By PAUL WALDIE
Saturday, November 18, 2017
MUNICH -- Tom Enders fixes a piercing stare and leans forward to explain what finally made him decide to agree to take control of Bombardier Inc.'s flagging C Series program.
The chief executive officer of Airbus SE had spent weeks last summer watching teams from Bombardier and Airbus try to hammer out a partnership deal, using the code name Selene, the Greek goddess of the moon, to keep everything secret. But, as the discussions dragged on, Mr. Enders knew something had to be done. So he arranged to meet Bombardier CEO Alain Bellemare and a small group of senior executives at a law office in London during the last week of September. Over the next few days, and after a final face-to-face meeting in Munich, they reached an agreement that will see Airbus take majority control of the C Series and roll the $6-billion aircraft program into the French giant's global operation.
Two weeks later, the announcement sent shock waves through the aerospace world and left Canadian taxpayers wondering what they'd got for their $1-billion-plus investment in Bombardier. Why would Airbus take over an aircraft program the company's chief salesman mocked as doomed and that Mr. Enders once dismissed as, too risky? For Mr. Enders the answer was simple: gut instinct.
"Always in life, human interaction is so important," he said in an interview at Airbus's offices in Munich this week. "It can convince you to make the last step and say, 'Okay, now I'm really convinced. It can also work the other way around.' And you say, 'Somehow my gut feeling says I don't trust these people.' "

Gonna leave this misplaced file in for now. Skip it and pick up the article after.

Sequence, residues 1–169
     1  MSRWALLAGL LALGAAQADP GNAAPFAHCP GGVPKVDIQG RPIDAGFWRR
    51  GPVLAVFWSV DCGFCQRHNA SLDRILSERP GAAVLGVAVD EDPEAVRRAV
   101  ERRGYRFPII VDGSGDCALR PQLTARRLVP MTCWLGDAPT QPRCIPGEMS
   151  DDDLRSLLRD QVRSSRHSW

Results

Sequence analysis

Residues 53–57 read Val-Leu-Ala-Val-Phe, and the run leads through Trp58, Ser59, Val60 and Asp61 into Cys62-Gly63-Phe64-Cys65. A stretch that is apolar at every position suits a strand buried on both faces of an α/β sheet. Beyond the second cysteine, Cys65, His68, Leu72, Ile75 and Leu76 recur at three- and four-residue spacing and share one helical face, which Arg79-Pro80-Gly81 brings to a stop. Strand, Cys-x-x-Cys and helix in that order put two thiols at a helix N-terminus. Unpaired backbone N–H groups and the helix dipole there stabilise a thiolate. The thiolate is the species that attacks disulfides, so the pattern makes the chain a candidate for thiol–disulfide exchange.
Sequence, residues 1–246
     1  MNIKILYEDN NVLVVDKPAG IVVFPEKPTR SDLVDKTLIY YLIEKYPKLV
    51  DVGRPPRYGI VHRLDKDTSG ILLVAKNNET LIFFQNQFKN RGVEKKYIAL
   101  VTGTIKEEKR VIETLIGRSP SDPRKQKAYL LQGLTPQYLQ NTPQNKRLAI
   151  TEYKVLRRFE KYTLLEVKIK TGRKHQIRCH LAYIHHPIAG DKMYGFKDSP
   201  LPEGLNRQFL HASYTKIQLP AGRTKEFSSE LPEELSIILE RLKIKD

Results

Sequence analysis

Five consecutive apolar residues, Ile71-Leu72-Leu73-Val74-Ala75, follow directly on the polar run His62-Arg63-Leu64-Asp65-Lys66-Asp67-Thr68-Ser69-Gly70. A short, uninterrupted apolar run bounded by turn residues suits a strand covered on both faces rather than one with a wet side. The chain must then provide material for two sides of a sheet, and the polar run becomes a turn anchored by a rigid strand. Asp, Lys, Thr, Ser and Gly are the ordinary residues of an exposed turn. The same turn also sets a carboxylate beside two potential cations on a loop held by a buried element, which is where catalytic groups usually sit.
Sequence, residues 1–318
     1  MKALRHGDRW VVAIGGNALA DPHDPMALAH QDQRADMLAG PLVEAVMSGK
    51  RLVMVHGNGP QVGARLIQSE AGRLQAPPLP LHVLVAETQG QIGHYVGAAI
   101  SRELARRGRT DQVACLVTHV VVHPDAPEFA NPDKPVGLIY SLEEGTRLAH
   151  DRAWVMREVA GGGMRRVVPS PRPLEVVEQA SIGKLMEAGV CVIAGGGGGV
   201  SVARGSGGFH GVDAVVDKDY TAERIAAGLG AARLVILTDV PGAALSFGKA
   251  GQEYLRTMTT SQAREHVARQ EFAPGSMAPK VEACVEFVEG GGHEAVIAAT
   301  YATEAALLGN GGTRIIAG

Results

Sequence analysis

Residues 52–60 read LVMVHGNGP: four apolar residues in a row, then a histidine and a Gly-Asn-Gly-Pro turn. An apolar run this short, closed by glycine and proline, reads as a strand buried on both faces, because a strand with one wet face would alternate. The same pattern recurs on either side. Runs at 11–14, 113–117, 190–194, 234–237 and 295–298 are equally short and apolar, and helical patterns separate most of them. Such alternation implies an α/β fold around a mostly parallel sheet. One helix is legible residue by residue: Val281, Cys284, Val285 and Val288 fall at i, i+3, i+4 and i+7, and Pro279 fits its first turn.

With Mr. Bellemare, there was immediate trust and "no bullshitting, no trying to manoeuvre around each other."
Instincts and a strong sense of fearlessness have driven Mr. Enders in business and in life. After all, he's a former paratrooper who holds the rank of major in the German Army reserve. He flies military helicopters for fun. And he still skydives regularly at the age of 58 and likes to recite the skydivers' code: "Once you leave an airplane, you are dead - until you do something about it."
During a lunch of salmon, steak and Bavarian beer at Airbus's defence and space centre, Mr. Enders talks at length about his high hopes for the C Series and his dream of building a closer relationship with Canada. But he's also blunt about the challenges facing the aircraft and his expectations from the Canadian government in return for his company's rescue of the C Series and 12,500 direct and indirect jobs in Canada.
Mr. Enders doesn't mince words or put on airs. Dressed in blue jeans, a green sports jacket and a casual shirt, he arrives only slightly late and apologized for cancelling an earlier telephone interview. The blunt talk, plain wardrobe and polite manners stem from his nononsense upbringing in rural Germany as the son of a shepherd. He also craves action. Without the challenge of running a company with 134,000 employees, $100-billion in annual revenue and thousands of aircraft flying in and out of almost every country, he says he just might get restless. "I've never been good at being bored," he says solemnly. He's slow to engage but after 45 minutes or so he begins to unload, offering thoughts on Munich architecture, bemoaning London house prices and quoting the Rolling Stones. But there's one theme he keeps coming back to: the C Series and its new-found importance to Airbus.